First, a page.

Indianz.Com > News > People’s World: Fearless warrior Joye Braun walks on
Joye Braun
Joye Braun. Photo: Juliana BrownEyes-Clifford /
Water Protector and intrepid warrior Joye Braun passes on
Wednesday, January 11, 2023
People's World

A dauntless advocate of Indigenous justice walked on with the passing of indomitable Water Protector and fearless Warrior Joye Braun. Joye was the National Pipeline organizer for the Indigenous Environmental Network (IEN). She was a member of the Cheyenne River Sioux Tribe of South Dakota and passed away on November 13.

Joye was only 53 when she walked on, but in that short lifetime there was contained a storied calling of dedication, commitment, and warriorship. She was the first to set up her lodge at the Oceti Sakowin camp on April 1, 2016, in the snow, in the Standing Rock protests against the Dakota Access Pipeline (DAPL).

Joye was a leading voice in the climate justice movement. She was a tireless advocate whose opposition to the Keystone XL pipeline was instrumental in its cancellation. Her advocacy led to groundbreaking alliances between Indigenous peoples, climate activists, and landowners.

Joye was also a prominent leader in the People v. Fossil Fuels Coalition, a developing movement of more than 1,200 organizations throughout the U.S. tasked with bringing an end to the fossil fuel era of history.

Joye was in addition a photojournalist, writer, grandmother, and last but by no means least, a revolutionary. She was also the first Indigenous American photojournalist for the New York Times and the Washington Post.

Posthumously, Joye was honored with the 2022 “Rose Braz Award for Bold Activism” by the Center for Biological Diversity.

It was an honor to meet and work with Joye at the Standing Rock protests in 2016. My wife, photojournalist/artist wife, Melanie, and I were covering the protests for People’s World.

Among our most inspirational memories of working with Joye was the motorcade protest to the offices of the attorney representing Energy Transfer Partners, the Dallas-based corporate owner of DAPL. Counsel for the corporation was attorney Lawrence Bender (no relation, of course).

On the morning of August 20, it was announced at the Oceti Sakowin camp that a motorcade demonstration was to be held at the state police blockade of the main road between Bismarck and the Standing Rock Sioux Reservation.

The purpose of this direct action was to make a “grandmothers’ appeal” to the police to remove the blockade because it was hugely damaging to the Tribe economically. Sacred, blessed water was to be given to the police as a gesture of peace and goodwill.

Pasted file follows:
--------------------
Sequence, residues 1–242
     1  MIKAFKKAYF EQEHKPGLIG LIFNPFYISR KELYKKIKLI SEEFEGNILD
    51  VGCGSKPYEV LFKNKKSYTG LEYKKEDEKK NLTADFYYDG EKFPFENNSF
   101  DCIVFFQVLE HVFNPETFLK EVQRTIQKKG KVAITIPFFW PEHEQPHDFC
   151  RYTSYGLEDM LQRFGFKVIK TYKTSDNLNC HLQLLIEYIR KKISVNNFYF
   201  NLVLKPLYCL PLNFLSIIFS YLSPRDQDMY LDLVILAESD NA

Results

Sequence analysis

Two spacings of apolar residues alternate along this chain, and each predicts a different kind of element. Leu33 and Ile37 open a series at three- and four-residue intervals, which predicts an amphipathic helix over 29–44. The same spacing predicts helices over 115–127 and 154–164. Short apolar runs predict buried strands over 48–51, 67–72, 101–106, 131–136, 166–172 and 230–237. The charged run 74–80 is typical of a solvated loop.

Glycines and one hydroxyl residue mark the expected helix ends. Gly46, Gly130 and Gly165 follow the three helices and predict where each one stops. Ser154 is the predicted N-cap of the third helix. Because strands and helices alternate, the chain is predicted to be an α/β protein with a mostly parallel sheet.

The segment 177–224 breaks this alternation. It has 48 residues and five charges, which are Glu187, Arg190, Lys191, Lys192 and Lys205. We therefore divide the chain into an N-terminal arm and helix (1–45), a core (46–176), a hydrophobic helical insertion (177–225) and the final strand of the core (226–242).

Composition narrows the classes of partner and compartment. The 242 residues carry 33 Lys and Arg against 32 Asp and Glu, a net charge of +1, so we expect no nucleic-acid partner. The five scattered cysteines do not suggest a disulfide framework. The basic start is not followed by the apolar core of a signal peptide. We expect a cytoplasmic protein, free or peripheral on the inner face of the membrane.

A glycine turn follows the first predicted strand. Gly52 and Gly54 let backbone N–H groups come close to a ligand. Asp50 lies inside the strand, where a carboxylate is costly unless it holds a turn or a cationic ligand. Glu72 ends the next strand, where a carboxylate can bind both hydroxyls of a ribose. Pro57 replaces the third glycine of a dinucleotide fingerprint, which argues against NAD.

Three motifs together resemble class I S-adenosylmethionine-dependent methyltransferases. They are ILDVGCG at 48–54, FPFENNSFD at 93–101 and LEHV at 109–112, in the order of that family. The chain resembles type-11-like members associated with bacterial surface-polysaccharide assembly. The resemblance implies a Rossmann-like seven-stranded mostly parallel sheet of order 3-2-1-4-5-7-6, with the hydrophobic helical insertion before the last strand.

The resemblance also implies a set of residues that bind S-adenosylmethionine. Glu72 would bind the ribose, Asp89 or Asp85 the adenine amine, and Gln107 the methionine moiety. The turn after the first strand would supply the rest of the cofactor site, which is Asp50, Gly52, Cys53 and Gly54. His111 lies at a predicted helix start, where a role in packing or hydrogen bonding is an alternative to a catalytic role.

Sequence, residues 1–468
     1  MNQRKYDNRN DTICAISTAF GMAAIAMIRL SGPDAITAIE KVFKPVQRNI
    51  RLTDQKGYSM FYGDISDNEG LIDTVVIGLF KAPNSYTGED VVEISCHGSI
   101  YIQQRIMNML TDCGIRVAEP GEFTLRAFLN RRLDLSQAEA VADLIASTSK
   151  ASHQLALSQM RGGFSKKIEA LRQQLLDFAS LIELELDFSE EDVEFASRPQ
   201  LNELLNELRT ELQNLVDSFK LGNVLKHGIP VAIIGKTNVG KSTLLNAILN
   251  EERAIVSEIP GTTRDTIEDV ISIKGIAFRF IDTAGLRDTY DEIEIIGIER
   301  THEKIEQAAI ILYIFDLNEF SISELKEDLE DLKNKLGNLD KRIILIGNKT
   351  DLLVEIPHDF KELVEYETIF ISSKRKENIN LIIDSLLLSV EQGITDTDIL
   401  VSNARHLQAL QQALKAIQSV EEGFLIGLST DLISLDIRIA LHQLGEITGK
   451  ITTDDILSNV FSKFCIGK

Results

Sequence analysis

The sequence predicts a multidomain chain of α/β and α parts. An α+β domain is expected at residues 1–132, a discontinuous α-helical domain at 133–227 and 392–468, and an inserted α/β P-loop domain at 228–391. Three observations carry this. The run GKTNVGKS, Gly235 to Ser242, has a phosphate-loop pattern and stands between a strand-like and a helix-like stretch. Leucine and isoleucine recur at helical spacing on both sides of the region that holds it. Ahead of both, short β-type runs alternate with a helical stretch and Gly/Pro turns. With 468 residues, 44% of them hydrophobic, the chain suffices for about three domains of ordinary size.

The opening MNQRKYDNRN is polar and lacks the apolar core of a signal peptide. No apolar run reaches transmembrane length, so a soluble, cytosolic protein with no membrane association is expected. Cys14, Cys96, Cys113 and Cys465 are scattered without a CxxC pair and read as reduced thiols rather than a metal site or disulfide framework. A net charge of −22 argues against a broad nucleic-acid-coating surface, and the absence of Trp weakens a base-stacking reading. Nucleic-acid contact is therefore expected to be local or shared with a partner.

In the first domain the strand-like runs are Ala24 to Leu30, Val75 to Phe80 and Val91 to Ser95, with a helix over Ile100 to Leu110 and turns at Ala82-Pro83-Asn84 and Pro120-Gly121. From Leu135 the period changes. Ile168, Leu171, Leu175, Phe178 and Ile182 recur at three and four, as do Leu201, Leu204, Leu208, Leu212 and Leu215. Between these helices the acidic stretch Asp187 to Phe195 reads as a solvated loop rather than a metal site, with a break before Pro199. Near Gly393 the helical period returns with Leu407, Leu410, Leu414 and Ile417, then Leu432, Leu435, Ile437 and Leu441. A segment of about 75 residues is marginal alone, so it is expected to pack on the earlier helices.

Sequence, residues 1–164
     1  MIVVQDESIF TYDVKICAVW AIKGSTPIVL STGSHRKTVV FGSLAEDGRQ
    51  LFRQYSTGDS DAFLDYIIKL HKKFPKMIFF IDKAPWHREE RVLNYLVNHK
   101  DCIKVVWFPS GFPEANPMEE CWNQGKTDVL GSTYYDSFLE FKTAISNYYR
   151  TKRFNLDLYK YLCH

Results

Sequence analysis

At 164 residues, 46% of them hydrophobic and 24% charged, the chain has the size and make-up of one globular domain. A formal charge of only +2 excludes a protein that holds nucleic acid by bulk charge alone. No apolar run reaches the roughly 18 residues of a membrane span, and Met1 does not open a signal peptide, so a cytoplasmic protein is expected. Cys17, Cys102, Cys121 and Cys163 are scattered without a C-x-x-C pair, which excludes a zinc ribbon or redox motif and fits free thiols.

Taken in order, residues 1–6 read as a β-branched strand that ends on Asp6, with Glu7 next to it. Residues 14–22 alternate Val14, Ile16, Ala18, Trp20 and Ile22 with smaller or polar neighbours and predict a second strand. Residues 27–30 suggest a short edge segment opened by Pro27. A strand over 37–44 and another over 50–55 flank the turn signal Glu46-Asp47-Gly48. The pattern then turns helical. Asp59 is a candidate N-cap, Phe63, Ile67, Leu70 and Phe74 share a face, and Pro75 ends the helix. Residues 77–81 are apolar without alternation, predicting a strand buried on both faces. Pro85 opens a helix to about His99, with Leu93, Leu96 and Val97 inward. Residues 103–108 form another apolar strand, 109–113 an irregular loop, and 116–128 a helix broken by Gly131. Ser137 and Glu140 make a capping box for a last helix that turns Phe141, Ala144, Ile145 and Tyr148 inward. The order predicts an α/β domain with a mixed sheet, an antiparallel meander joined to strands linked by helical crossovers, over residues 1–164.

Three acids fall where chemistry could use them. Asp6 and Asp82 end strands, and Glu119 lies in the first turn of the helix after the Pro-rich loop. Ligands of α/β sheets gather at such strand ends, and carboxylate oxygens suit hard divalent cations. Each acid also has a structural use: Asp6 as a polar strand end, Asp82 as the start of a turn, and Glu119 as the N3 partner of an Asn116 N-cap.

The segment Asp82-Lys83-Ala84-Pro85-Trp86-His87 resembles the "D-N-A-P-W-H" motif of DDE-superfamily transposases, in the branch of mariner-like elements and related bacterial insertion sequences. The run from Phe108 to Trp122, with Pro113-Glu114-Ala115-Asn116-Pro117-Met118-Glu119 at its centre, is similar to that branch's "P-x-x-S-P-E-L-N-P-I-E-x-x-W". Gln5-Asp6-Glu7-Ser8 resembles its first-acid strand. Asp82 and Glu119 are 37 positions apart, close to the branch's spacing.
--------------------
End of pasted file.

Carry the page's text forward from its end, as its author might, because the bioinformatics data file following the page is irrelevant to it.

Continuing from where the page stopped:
But shortly before the motorcade was to leave, a change of plans was announced at the request of the Standing Rock Tribal Council because of negotiations with the state for the removal of the blockade. It was decided instead to protest at the law offices in Bismarck.

We left with a 60-plus vehicle motorcade and were joined by other supporters along the route. Upon arriving at the blockade, the police were friendly and cordial and accepted the sacred water and we proceeded on to Bismarck. Arriving at the law offices were cars and pickups waving tribal flags with hundreds of demonstrators.

A delegation selected to meet with the attorney found the doors to the building locked. Joye was the spokesperson and, using a megaphone, several times requested that attorney Bender come out to meet and answer why he was representing a corporation that would jeopardize the lives of thousands.

She also turned to the crowd and said loudly, “Where’s our media team?” Melanie and I had been circulating in the crowd and immediately answered loudly in unison, “Right here,” and rushed to the front doors of the building.

There was no response from inside, although to our amusement, we saw office staff sometimes furtively peeking through shuttered windows. I humorously commented to Melanie that there was little to no chance of the attorney stepping outside to meet with the delegation. Subsequently, it was reported that the law office staff sneaked out the back of the building.

Joye later remarked, “Going to the attorney’s office was good because attorneys, like everyone else, have the choice to decide who their clients are.” She continued, “We wanted to know why a law firm would put in jeopardy the lives of children, mothers, the unborn, and all people. We are standing up not just for Native people, but for all people.”

Such were the powerful memories of Joye on the front lines. Suffice it to say, the passing of Joye was not just a great loss for Indian Country, but for all of the country.

Albert Bender is a Cherokee activist, historian, political columnist, and freelance reporter for Native and Non-Native publications. He is currently writing a legal treatise on Native American sovereignty and working on a book on the war crimes committed by the U.S. against the Maya people in the Guatemalan civil war He is a consulting attorney on Indigenous sovereignty, land restoration, and Indian Child Welfare Act (ICWA) issues and a former staff attorney with Legal Services of Eastern Oklahoma (LSEO) in Muskogee, Oklahoma.

This article originally appeared on People's World. It is published under a Creative Commons license.